In the second half of the last century, anthropologists, especially those concerned with Mediterranean societies, began to show a very keen interest in the notion of honour, and the great number of publications on the subject surely give the impression that this whole concept has been thoroughly researched and understood. Nevertheless, as Frank Henderson Stewart points out, the question of “what exactly honour is” (p. ix) has been virtually ignored in previous anthropological investigations. An anthropologist himself, Stewart aims “to provide the outline of an answer” (p. ix) to this question, and he does so in his short and insightful essay, Honor.
After a brief methodological introduction, Stewart describes, first, the development of the notion of honour in the West. The idea that honour is divided into two dimensions, one internal (honourableness) and one external (reputation) – what Stewart calls the “bipartite theory” (p. 19) – is widespread, but does not account for all the numerous situations in which honour is into play (part one). Second, he gives an account, based on his own fieldwork, of the meanings and workings of the Bedouin notion of ‘ird, commonly translated as ‘honour’, within their communities, especially that of the Bedouin of central Sinai. In particular, Stewart insists on the role played by honour and dishonour in regulating disputes within a legal framework (part two). Finally, using a comparative approach, Stewart contrasts these two cultural systems – the Westerner and the Bedouin – to highlight how honour, conceptualised as a right to respect, can operate cross-culturally, regardless of the different contexts (part three).
Stewart’s book is significant in several ways. The main one is certainly the problematisation of the concept of ‘the Mediterranean’ as a homogeneous unity. This view was particularly in need of an assessment, because it had for so long hindered the correct interpretation of honour as something universal, a mechanism that has to do with our nature as social beings. For instance, Stewart argues that a concern for honour is by no means an exclusive trait of ‘Mediterranean’ societies, because it can be identified also in Northern European communities or among the Bedouin of central Sinai. Bedouin society is also extremely informative with respect to honour and social stratification: by observing the way in which the Bedouin negotiate honour relations with one another, Stewart challenges the misconception of honour as an elite phenomenon, showing how it can operate not only cross-culturally, but also at different levels within the same society. In fact, Stewart demonstrates that, contrary to what is generally believed, there need be no direct correlation between honour and wealth – the richest members of a community are not by necessity the most prominent in terms of honour.
Stewart is also one of the first authors to highlight the difference between vertical (hierarchical) and horizontal honour (egalitarian, among the members of the peer group), and to describe “personal honour” as “a particular type of horizontal honor” (p. 54). The conceptualisation of personal honour as a right to respect, which can in some societies at some periods be enforced through legal means, is interesting, for it allows a long-awaited reconciliation between honour and the law. In this respect, Stewart’s conclusion appears complementary to Welsh’s (2008) point of view on honour in legal settings: whereas Welsh sees honour as a moral imperative, which more often than not will advise the agent to act in accordance with the law, Stewart places honour, more radically, within the range of matters specifically regulated by different law codes. More interestingly, this reconciliation is achieved by analysing the peaceful settlement of disputes within a legal framework in an Arab community, thus debunking the stereotype of the allegedly primitive honour-codes of Muslim societies, still regrettably widespread in the West (e.g., Bowman 2006).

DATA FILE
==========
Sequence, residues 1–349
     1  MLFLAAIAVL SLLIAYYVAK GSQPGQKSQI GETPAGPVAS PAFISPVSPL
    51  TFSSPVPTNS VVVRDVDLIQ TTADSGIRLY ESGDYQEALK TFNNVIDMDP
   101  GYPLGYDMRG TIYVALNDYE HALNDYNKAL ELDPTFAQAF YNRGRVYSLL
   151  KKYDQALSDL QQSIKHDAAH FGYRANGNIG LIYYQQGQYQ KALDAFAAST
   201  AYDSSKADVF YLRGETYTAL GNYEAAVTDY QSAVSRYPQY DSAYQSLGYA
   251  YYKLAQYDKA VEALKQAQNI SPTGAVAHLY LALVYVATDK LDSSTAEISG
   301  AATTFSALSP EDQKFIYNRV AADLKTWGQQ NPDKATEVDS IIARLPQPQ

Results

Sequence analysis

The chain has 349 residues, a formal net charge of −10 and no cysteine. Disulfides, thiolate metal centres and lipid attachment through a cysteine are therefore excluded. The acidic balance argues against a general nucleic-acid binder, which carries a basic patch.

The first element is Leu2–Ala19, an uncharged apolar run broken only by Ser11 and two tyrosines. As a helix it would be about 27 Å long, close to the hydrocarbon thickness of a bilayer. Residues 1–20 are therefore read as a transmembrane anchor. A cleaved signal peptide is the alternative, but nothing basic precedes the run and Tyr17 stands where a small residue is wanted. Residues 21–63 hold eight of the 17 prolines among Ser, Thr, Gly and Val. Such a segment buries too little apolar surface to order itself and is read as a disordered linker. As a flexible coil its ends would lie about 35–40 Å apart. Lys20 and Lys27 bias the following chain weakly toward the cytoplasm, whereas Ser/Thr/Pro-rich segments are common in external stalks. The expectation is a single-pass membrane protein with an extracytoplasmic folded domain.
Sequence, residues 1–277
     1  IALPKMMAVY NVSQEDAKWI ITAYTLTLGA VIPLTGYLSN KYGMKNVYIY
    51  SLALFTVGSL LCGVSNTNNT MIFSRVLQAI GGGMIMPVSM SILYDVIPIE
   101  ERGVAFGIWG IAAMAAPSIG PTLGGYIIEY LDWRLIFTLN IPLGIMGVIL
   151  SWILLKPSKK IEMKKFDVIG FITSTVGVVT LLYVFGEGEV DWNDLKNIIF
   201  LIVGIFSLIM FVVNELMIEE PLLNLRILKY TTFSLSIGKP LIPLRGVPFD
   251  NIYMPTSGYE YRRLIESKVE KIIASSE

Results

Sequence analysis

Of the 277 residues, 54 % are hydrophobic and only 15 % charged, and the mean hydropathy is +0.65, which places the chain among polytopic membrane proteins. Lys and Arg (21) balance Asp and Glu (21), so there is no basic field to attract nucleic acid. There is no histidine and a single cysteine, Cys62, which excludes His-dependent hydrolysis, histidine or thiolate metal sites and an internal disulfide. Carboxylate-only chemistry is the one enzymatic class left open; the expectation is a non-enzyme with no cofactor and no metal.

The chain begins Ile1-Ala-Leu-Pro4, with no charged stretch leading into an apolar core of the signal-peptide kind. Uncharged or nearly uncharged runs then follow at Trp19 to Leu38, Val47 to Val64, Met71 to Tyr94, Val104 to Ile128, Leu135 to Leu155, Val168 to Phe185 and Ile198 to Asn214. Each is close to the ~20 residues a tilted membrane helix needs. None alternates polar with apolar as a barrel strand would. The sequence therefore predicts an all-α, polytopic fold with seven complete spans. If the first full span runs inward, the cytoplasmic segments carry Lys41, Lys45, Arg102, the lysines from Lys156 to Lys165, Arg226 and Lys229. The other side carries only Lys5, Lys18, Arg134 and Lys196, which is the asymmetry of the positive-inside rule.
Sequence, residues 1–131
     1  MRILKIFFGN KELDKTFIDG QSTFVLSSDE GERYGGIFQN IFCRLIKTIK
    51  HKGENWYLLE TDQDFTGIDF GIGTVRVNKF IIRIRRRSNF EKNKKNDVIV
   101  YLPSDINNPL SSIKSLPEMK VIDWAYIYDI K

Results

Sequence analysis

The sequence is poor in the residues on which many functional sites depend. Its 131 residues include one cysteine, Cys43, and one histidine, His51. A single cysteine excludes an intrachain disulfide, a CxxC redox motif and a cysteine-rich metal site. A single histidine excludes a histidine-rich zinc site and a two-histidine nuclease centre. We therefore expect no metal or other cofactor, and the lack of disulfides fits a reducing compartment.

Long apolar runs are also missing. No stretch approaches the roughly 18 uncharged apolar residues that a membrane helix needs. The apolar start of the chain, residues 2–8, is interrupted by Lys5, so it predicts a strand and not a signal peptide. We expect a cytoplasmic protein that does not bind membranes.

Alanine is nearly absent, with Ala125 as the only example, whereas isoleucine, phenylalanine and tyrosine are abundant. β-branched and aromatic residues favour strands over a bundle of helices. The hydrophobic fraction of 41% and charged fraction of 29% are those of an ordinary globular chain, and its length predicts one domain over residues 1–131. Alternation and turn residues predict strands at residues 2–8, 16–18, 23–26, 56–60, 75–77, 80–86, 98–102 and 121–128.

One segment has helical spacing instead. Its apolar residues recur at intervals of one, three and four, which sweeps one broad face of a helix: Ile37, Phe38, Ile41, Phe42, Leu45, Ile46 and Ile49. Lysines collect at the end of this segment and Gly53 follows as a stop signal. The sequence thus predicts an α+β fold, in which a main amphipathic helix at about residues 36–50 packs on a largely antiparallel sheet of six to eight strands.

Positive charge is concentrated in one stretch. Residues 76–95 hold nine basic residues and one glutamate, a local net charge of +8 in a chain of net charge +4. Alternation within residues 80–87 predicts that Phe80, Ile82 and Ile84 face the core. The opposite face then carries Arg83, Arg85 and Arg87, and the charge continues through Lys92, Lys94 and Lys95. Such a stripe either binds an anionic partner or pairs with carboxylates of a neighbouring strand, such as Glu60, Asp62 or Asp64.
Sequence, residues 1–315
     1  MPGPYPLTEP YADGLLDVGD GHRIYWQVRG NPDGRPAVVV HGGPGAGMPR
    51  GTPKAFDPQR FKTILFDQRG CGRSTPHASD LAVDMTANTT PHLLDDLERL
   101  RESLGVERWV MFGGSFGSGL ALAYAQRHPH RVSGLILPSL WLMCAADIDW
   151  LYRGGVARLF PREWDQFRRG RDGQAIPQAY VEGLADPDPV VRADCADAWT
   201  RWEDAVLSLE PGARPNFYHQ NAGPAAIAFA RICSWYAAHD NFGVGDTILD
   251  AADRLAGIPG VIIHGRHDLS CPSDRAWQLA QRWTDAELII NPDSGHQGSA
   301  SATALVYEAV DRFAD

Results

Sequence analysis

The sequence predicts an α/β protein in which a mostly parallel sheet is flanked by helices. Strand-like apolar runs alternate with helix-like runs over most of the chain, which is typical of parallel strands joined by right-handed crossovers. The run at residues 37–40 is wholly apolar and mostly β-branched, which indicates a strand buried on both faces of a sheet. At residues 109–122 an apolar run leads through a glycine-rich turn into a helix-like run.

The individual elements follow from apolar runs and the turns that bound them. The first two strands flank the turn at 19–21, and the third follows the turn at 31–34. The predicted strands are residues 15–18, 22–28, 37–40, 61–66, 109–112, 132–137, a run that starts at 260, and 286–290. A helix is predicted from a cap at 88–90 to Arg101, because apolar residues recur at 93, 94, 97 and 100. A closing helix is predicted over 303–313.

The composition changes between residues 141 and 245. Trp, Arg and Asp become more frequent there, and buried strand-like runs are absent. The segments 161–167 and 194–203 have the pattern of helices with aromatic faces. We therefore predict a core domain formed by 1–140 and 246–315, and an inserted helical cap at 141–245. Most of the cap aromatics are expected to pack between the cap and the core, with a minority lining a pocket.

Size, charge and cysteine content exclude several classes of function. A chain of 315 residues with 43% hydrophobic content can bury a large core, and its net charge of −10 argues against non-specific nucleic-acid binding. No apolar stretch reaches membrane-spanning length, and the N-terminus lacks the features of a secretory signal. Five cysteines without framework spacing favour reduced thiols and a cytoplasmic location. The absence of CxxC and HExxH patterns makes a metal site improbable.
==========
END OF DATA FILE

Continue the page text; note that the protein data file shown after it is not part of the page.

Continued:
However, Stewart’s account of the history of honour in the West is somewhat vitiated by his traditional developmental approach, for he sees it as a slow moralisation and internalisation of the concept, which progressively shifted from ‘public reputation’, seen as its original meaning, towards the ‘innovative’ idea of honour as a right. Yet this idea was present already in fourth-century Athens, where timê (honour) and atimia (dishonour) played an unmistakably central role in law, politics, and society. Furthermore, when considering the Greek notion of timê (p. 60), Stewart seems to endorse the idea of honour as a pre-eminently masculine, violent, and aggressive element of ‘zero-sum’ competitions, thus subscribing to the anthropological stereotype which he otherwise questions consistently in his essay. As for the methods employed, there appears to be too much emphasis on the lexical approach, which results in a failure to understand and analyse the relevant behavioural patterns connected to honour, and those situations in which honour is undoubtedly present, though not specifically referred to as such. This is perhaps the reason why Stewart detects a “collapse of honour” (p. 47) in contemporary Western societies, establishing an undue connection between the infrequency with which the word is used and the supposed disappearance of the phenomenon itself.
Despite these difficulties, this sharp and agile book represents an excellent starting point for tackling the essential issues that the investigation of honour as a transcultural concept presents, and gives a precise and informative, as well as critical, overview of the anthropological literature on the topic, laying bare its idiosyncrasies and beginning the process of righting its wrongs.
Linda Rocchi, 27/11/18